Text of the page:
The Jack B. Poage Airshow in Westminster this weekend will feature a plane modified for aerobatics 32 years ago by the veteran pilot who was killed when he crashed a plane during an air show in 1990.
Bel Air pilot Ned Surratt will fly the MidWing Special that he and Poage co-owned. June Poage, Jack's widow and president of Westair Inc., which operates Carroll County Regional Airport, is producing the show.
"We flew together in many shows," Surratt said of Poage. A manager of chemical engineering at Aberdeen Proving Ground, Surratt started flying in 1963 and got into aerobatics a year later.
Surratt said the plane is designed for maneuvers close to the ground and in front of the audience at fairly slow speed, "which is what spectators like to see, because if it's too fast, you can't follow it."
The show also will feature a replica GeeBee R2, a short, stubby craft that looks like the Volkswagen Beetle of airplanes. A racing plane of the 1930s, the GeeBee got a reputation as a killer after several fatal crashes. Montana wheat farmer Delmar Benjamin built the replica to fly in air shows.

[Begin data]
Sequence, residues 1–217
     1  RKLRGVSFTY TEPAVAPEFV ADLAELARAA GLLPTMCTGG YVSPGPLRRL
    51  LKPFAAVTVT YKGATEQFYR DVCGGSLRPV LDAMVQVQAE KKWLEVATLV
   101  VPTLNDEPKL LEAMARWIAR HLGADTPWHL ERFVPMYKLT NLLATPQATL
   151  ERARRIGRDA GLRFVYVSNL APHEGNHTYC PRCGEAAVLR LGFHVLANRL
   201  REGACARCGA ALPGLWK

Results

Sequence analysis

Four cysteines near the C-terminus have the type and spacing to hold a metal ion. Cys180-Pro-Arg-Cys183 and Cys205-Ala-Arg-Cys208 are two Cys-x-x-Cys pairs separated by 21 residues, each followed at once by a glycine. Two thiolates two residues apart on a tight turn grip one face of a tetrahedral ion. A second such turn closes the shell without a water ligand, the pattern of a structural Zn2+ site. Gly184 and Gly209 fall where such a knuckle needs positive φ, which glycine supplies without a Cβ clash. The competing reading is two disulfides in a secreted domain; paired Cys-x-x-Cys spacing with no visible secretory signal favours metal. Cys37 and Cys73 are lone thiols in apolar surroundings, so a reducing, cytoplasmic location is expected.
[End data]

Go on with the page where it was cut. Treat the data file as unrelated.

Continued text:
"He doesn't know how great he is," June Poage said. "He's the only living person to fly it."
Vince Campanella of Campanella & Associates, who is handling public relations for the show, said many pilots with national reputations are flying in the Westminster show in respect for June and Jack Poage.
"I think you won't find another local show of this caliber," he said.
Poage lost money on the air show last year, her first as producer. She said competing events reduced the crowd and the show was rained out one day last year. She said she was unprepared for the number of people who parked in the county air business center and walked across fields to the show, bypassing the admissions gate. This year, she has installed fences to get people to pay for admission.
Attendance at the 1990 air show, sponsored by Westminster Rotary Club, was about 18,000. Attendance last year was about 7,000.
If this year's show makes a profit, Poage said she plans to make donations to local organizations whose members are helping.
The air show "can become a tremendous community event, because it draws from the Northern Virginia and Washington area," Campanella said.
The show will be at Carroll County Regional Airport, Route 97 north, tomorrow and Sunday, from 9 a.m. to 7 p.m. Aerobatic shows are daily at 12: 30 p.m. Admission is $7 for adults, $3 for children ages 5 to 12.
Pub Date: 6/21/96